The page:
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What is a Video Adapter?

By Jacob Queen
Updated May 17, 2024
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A video adapter is circuit board that allows a computer to output images to a monitor. Sometimes a video adapter can be built into a computer’s motherboard, but usually, they are plugged into an expansion slot. These devices vary quite a lot, and they are sold in a wide range of different price and capability ranges. The most important parts of a video adapter are generally the graphics processing unit (GPU) and the random access memory (RAM).

Inside a computer, a video adapter usually looks like a rectangular cartridge plugged into the motherboard. From the outside, the only visible part is generally the area where the monitor plugs into the computer system. The types of monitor outputs can vary significantly depending on the era when the video adapter was manufactured. Sometimes there are two monitor outputs for systems that support dual monitor technology, and sometimes there can be television outputs.

The way a graphics card functions is very much like a helper for the system's main processor. They generally take data from software on a computer’s hard drive and translate that data into something that can be seen on the monitor. They contain hardware for outputting images as well as the GPU chip, which performs calculations and other operations. Most video adapter devices also have RAM, which helps hold graphics-related data for fast access.

Video adapters with faster GPU systems and more RAM can perform complex calculations more easily. These are generally required to play state-of-the-art computer games with high-quality graphics technology. The GPU can be especially important in translating data for three-dimensional (3D) graphics to the computer screen, and many high-technology games will not function properly unless the GPU is adequately powerful. High-tech video game consoles generally have sophisticated video adapters under the hood for the same reason.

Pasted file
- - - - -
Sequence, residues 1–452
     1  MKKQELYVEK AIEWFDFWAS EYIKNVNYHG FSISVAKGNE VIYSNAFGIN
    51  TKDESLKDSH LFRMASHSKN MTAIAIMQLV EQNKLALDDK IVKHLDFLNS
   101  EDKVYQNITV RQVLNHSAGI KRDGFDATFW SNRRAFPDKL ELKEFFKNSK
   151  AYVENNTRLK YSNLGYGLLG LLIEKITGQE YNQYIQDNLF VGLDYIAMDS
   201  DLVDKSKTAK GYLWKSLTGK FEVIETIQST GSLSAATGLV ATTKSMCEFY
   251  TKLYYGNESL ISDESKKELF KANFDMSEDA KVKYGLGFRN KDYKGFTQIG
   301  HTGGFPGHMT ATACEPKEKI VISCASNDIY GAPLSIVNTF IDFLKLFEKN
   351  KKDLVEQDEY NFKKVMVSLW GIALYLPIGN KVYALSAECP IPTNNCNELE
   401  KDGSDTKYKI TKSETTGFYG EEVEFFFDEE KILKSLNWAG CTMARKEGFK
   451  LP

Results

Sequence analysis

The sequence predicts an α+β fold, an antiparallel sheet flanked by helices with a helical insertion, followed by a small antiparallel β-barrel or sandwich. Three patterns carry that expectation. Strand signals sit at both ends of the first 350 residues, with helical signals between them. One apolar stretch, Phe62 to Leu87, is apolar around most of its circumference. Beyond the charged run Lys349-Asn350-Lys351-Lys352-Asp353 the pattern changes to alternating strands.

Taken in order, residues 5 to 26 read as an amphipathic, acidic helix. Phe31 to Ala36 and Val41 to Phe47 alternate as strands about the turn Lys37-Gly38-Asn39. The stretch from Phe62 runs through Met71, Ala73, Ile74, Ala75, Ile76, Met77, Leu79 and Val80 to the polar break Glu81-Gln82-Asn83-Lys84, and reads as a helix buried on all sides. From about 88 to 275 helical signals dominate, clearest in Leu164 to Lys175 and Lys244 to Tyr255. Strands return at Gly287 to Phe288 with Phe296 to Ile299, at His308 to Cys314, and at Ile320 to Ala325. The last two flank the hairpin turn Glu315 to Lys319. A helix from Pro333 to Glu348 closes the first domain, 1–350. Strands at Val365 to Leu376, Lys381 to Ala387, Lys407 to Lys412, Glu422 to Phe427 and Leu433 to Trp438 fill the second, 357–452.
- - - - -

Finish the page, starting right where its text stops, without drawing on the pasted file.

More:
Deciding what kind of video adapter to buy is usually a question of need. For some people, extreme graphics capabilities are unnecessary, and many of them can be perfectly fine with simple display functionality. Other people who play a lot of games or work in technical fields where graphics are crucial might need more powerful systems.

Sometimes upgrading to a more powerful graphics card may require a total system upgrade. As video adapters advance, the kinds of ports they plug into tend to advance as well. Older systems often have outdated ports that won’t handle the basic data bandwidth and speed needed for newer video adapters.

WiseGeek is dedicated to providing accurate and trustworthy information. We carefully select reputable sources and employ a rigorous fact-checking process to maintain the highest standards. To learn more about our commitment to accuracy, read our editorial process.
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